Wednesday, January 20, 2010

Pali/Sanskrit directional words

In our Thai class we recently learned the traditional directional terms as derived from Pali/Sanskrit, as shown in the table below.
A few of these terms one easily finds in the modern day names of provinces and regions as well - most notable Isan for the northeastern region, but also the town Udon Thani in the northern part of the Isan, and Prachin Buri east of Bangkok.

Much more of these words show up when looking at the Monthon, the administrative circles created in the thesaphiban reforms by Prince Damrong at the beginning of the 20th century. The Monthon Isan covered the southeastern part of the Khorat Plateau, which is now completely called Isan. Monthon Udon around the town Udon Thani covered the northern part of the Khorat Plateau. It also had the Monthon Phayap covering the area northwest as seen from Khorat - now this region is called northern Thailand, historically the Lan Na kingdom. Monthon Burapha were the provinces of western Cambodia, which in 1906 were ceded to French Indochina. Corresponding to this eastern Monthon, the western Monthon was around Prachinburi. I think this is the explanation why a town located east of the center of the kingdom is named "western town".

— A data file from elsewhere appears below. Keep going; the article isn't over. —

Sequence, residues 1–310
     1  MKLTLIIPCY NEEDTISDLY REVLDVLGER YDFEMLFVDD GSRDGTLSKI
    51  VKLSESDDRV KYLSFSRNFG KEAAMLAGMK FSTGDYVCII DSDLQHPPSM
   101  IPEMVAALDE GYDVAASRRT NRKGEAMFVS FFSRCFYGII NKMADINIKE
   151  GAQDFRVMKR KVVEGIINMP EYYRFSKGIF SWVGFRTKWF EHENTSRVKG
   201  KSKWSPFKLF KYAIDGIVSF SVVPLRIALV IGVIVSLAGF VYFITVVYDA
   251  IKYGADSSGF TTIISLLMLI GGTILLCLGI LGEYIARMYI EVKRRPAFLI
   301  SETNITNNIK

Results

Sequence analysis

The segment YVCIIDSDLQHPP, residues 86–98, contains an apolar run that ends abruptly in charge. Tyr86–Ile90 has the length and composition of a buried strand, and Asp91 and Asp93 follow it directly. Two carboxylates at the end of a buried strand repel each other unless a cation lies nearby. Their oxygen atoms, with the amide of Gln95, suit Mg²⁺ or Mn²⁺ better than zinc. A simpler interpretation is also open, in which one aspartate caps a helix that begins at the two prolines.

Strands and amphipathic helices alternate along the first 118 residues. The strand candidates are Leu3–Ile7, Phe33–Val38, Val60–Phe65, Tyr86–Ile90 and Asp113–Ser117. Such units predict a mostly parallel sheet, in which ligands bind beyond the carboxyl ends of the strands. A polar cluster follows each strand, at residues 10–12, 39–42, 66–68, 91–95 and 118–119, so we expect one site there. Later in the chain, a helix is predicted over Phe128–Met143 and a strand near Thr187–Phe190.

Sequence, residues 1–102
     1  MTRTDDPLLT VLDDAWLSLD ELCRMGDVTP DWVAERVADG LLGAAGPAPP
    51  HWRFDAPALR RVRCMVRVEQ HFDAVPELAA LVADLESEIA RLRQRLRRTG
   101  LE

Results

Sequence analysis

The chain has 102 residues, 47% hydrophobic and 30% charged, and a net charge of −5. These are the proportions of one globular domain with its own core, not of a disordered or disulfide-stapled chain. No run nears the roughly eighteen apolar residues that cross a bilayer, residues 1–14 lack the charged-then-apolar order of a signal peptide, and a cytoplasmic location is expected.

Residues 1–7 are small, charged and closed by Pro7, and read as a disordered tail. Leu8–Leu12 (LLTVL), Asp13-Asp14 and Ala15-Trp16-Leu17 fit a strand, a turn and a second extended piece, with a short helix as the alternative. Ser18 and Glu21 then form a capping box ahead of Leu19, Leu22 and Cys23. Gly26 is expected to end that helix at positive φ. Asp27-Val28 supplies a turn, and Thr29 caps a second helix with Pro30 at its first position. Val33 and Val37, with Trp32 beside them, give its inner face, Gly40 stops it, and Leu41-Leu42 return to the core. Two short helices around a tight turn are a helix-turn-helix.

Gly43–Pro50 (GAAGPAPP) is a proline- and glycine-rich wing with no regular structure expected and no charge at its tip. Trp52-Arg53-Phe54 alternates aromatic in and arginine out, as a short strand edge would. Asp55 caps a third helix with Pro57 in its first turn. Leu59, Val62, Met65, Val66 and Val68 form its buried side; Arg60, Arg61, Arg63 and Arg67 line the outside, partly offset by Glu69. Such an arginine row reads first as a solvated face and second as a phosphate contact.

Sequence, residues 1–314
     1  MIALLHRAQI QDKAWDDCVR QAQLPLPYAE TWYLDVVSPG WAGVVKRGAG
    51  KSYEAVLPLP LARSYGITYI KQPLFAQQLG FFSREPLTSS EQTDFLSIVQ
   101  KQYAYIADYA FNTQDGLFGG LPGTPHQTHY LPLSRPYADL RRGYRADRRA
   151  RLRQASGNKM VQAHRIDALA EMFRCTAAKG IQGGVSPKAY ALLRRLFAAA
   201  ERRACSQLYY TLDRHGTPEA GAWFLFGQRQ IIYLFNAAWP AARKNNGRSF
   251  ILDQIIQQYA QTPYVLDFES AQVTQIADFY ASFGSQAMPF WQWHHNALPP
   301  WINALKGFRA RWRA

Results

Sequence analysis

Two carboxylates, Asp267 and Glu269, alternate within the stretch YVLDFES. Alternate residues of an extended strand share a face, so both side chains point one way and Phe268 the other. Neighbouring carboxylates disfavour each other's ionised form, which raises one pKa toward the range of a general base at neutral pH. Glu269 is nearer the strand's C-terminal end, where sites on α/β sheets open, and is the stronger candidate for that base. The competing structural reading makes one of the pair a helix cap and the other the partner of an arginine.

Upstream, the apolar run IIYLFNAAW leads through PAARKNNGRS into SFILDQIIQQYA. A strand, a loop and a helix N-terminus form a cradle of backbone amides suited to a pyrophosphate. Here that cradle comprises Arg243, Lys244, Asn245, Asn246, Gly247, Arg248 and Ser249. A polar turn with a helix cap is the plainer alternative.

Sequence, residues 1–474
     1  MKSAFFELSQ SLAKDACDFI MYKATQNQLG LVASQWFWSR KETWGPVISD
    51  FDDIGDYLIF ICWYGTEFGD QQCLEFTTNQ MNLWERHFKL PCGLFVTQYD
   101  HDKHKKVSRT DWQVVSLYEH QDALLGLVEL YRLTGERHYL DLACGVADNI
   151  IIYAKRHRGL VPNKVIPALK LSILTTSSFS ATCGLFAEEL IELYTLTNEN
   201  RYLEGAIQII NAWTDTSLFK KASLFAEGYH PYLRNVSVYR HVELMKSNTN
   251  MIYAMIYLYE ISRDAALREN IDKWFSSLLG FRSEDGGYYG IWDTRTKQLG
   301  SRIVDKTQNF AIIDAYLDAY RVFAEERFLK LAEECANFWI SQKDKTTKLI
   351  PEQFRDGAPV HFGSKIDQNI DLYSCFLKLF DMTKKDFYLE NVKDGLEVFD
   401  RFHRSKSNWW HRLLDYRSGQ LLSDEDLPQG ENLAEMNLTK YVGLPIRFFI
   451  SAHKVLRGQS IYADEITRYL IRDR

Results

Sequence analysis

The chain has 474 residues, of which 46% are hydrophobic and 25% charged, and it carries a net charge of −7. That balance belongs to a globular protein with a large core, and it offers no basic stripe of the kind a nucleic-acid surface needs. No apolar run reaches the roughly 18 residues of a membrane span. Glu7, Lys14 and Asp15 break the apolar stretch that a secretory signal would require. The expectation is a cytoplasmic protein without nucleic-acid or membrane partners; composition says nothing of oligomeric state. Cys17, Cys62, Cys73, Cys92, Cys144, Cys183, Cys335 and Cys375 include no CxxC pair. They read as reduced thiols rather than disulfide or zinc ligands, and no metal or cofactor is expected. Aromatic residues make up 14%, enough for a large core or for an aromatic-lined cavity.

This naming scheme was even continued at the district level in the northeastern provinces. I discovered it two years ago without realizing that these names are in fact simply directional names. The names Udon (อุดร), Pachin (ปจิม), Thaksin (ทักษิณ) and Uthai (อุไทย) were used - Pachin is only a spelling variant of Prachin, but I don't know the meaning of Uthai, but since two of the districts named Uthai are now the Mueang district maybe it means "central"?

No comments: